Adaptations for differentiated niches allow species to coexist in ecosystems with high biodiversity, such as tropical forests. Research into niche differentiation has mostly focused on behavioral and morphological adaptations, whereas differences in species’ sensory capabilities are poorly understood. Inga Geipel, Ella Lattenkamp, et al. measured auditory brainstem responses to a wide range of sound frequencies in 12 co-occurring species of Neotropical leaf-nosed bats (Phyllostomidae) with similar foraging strategies to compare the species’ hearing sensitivities. The graphs of each leaf-nosed bat species’ auditory brainstem responses had similar overall shapes, but the results differed substantially for frequencies below 9 kilohertz. Leaf-nosed bat species that primarily hunt by listening for prey-produced sounds, such as prey mating calls and prey locomotion noise, had sensitivity peaks at low frequencies, corresponding to frequencies produced by prey. In comparison, species that largely rely on echolocation for hunting were more sensitive at high frequencies. The authors also measured sound parameters of echolocation calls from each leaf-nosed bat species and found that each species was sensitive to the frequencies of its own echolocation calls. According to the authors, differences in the sensory abilities of ecologically similar species may represent overlooked drivers of niche differentiation. — M.H.

GENETICS

Istanbul, Turkey. Image credit: Pixabay/smuldur.

Genetic structure of the Turkish population

Turkey has been at the crossroads of numerous historical human migrations. Despite its complex ancestry, the Turkish population has been underrepresented in genomic databases. M. Ece Kars et al. analyzed whole-exome and whole-genome sequencing data from 3,362 unrelated Turkish individuals to generate a large-scale database of genetic variation in Turkey. Consistent with Turkey’s common practice of consanguineous marriage, half of the participants showed strong signs of inbreeding, with contiguous lengths of homozygous genotypes longer than four megabases. Approximately 21% of all variants identified were unique to the Turkish population, as were 28% of the whole-exome variants and 49% of the whole-genome variants classified as very rare. The results revealed 704 rare homozygous variants that would likely result in gene inactivation. Between one and four of these variants, which affected a total of 626 genes, were present in 20% of the participants. In addition, 6,537 variants in 2,188 genes were classified as disease-causing pathological mutations in the Human Gene Mutation Database. All participants harbored between 1 and 30 of these variants, with an average of 12. According to the authors, the high-resolution genomic database may provide an invaluable resource for prioritizing variants and identifying disease-causing genes. — J.W.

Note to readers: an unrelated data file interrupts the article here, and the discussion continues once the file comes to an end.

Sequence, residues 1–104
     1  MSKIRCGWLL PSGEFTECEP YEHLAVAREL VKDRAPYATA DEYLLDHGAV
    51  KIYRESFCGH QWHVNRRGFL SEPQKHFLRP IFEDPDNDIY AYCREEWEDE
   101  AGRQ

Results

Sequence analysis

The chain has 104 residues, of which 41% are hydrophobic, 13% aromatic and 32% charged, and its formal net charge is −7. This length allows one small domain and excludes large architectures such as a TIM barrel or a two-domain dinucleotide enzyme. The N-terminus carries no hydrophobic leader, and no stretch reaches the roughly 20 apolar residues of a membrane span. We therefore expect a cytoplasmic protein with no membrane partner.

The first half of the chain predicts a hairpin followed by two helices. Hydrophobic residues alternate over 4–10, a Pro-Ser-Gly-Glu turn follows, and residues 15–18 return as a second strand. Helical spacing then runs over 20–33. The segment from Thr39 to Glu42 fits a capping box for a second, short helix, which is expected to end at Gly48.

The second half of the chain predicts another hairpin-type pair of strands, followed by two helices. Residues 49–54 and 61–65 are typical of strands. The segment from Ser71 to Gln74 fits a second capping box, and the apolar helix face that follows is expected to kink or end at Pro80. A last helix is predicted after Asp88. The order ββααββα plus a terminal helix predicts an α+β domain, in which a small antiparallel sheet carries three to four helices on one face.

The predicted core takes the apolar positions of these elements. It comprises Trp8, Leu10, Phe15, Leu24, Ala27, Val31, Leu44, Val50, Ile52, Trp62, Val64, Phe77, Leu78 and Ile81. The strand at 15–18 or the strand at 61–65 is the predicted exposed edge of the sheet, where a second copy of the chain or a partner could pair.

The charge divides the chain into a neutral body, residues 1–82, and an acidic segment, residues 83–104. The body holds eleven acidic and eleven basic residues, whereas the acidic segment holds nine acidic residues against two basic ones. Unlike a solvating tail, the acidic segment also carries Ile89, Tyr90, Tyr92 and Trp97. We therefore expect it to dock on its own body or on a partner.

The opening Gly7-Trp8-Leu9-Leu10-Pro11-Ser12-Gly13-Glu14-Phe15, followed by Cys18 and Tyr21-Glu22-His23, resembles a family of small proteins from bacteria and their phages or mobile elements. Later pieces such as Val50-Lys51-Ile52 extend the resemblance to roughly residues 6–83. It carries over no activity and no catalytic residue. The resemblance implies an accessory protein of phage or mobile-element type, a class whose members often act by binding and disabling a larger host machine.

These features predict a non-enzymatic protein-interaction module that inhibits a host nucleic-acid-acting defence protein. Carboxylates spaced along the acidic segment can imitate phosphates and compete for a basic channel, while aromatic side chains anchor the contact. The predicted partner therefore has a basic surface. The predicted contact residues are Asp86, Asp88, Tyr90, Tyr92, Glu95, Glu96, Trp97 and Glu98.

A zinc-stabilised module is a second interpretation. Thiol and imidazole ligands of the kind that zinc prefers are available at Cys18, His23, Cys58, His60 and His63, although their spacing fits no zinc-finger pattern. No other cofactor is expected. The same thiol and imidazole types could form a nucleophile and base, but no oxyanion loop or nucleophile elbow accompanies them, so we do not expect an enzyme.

COMPUTER SCIENCES

A swarm of 50 robots adapted better to change when each robot had a small number of neighbors. Image credit: Andreagiovanni Reina.

Robot swarms communicate best when messages spread neighbor to neighbor

Posted on August 27, 2021
Amy McDermott
In the not-so-distant future, swarms of robots could help contain environmental disasters such as wildfires, by locating and dousing the most dangerous patches, even as flames move and spread. But how would these individual robots coordinate effectively to pull off such a complex task? A recent paper suggests a surprising answer: a smaller, less-connected social network. According to the work, published in Science Robotics, a flock of simple robots is better at homing in on a dynamic target when individual bots communicate only with their close neighbors, rather than globally across the network.

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Proceedings of the National Academy of Sciences
Vol. 118 | No. 36
September 7, 2021